P.S. One more note…our new book, Mobs, Messiahs, and Markets, is said to be out. We haven’t seen a copy of it yet. But the word on the street is that it has turned out pretty well.

This is the book in which your author, and his co-author Lila Rajiva, reveal how the world really works. It’s the untold story of how people, in groups, go about setting market prices…making war…electing presidents and other acts of folly and insanity.

It’s going to be available very soon. Watch this space…

And now…

…for the news, from Short Fuse in Baltimore:


Views from the Fuse:

*** The St. Louis Fed president William Poole said in an interview yesterday that the subprime market tumult doesn’t pose a threat to the U.S.’s “real economy” or economic growth – and only a “calamity” would justify an interest rate cut.

“I don’t see any impact as yet on the real economy or on the inflation rate,” he said in an interview in the bank’s boardroom. “Obviously, there could be an impact, but we have to rely on some real evidence.”

We were looking around on prudentbear.com, and while we realize that it is not the “cheeriest” of news aggregators, if you go to the site, you’ll see that 29 out of the 45 headlines have to do with the housing market downturn, or the subprime debacle. But hey – none of this will impact the “real economy”, right?

We wonder if Americans are ready for the end of this bubble…

Probably not, opines Eric Fry in today’s guest essay. “Based on America’s limited capacity to absorb a substantial bear market in housing, we fear that very few homeowners will find salvation in the afterlife of the bubble. A select few of us might achieve a partial salvation, provided we have not committed the mortal sins of borrowing too much or saving too little.

“Real estate, both as an asset class and as an industry, has assumed such an outsized share of U.S. economic activity, that the entire economy would mourn the passing of the housing boom.”

*** And, as if you need more evidence that the housing market is in the toilet, here’s Addison and Ian, reporting from The 5 Min. Forecast:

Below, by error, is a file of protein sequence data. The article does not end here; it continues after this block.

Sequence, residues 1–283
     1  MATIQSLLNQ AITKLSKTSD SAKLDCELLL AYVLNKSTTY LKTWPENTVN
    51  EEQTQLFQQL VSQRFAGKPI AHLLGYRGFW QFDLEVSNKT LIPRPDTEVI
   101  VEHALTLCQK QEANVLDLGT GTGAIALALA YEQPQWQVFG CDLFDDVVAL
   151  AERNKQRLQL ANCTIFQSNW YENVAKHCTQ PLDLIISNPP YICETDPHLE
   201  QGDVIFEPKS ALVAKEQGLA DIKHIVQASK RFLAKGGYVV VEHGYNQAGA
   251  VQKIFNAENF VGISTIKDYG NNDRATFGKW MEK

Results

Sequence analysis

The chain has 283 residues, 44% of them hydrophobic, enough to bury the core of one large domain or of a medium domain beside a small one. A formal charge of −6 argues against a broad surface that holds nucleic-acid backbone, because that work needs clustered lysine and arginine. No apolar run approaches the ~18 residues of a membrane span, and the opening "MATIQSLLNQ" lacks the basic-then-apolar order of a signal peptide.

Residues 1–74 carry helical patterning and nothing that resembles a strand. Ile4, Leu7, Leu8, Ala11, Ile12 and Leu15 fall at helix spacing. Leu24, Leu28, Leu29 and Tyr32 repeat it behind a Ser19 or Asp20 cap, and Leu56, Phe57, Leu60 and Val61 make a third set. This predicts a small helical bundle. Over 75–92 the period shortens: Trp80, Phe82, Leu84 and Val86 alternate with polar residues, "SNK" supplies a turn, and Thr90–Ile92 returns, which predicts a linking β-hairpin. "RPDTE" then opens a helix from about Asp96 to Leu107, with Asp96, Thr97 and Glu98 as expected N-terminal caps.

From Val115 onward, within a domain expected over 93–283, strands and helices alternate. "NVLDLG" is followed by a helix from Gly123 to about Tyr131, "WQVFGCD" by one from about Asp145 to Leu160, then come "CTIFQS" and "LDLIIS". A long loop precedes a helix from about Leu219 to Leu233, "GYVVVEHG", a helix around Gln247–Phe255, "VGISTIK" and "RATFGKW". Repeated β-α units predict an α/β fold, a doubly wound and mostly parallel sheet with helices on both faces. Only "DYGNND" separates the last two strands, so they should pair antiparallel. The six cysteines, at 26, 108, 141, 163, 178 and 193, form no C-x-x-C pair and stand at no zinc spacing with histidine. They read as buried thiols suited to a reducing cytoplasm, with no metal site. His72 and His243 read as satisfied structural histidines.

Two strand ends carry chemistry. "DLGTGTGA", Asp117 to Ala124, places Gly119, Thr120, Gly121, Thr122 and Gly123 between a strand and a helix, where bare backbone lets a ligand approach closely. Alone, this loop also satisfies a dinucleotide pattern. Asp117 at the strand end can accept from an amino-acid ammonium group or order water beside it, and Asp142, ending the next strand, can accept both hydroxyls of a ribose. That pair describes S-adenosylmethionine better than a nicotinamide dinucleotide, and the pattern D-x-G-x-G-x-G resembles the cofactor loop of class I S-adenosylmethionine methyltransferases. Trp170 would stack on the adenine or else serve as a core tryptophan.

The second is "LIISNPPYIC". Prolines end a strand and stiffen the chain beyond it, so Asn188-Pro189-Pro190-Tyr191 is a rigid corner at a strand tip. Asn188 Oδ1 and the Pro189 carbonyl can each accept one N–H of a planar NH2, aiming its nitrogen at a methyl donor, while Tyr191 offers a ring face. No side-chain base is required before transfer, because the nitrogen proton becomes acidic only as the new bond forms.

“Homebuilder confidence slumped to a 16-year low yesterday, according to the National Association of Home Builders. With a score of 22, homebuilders haven’t been this depressed about the housing market since 1991. In fact, 22 is the second lowest score since the survey was incepted in 1985. All told, confidence has dropped 2% since July.

“And who can blame home builders for their currently low self-esteem? U.S. home prices dropped for the fourth straight quarter in Q2 of 2007, said yesterday’s report from the National Association of REALTORS. Currently, the median single family home in the U.S. will set you back $223,800 – 1.5% less than this time last year.”

*** Looks like the country’s biggest U.S. mortgage lender may be going the way of New Century Financial (OTC:NEWC) and American Home Mortgage (NYSE:AHM), RIP.

Countrywide Financial (NYSE:CFC) got an “emergency loan” today, along with Australia’s RAMS Home Loans (ASX:RHG) and Canada’s Coventree Inc. (TSE:COF). And we’re not talking about borrowing a few bucks because they are in a pickle…Countrywide borrowed the full $11.5 billion available to them.

“When a company draws on its bank lines, it just basically gives off the impression that it has run out of options,” said Christopher Wolfe, managing director at Fitch Ratings, which today dropped Countrywide to BBB+, its third-lowest investment-grade rating. “Typically these bank lines are there but not really meant to be used.”

Moody’s downgraded Countrywide’s credit rating to the lowest investment grade level, Baa3. Bloomberg reports that the “rating company said it may lower the debt to junk status, or below its investment grade, ‘should its available liquidity come under further stress.'”

Short Fuse
The Daily Reckoning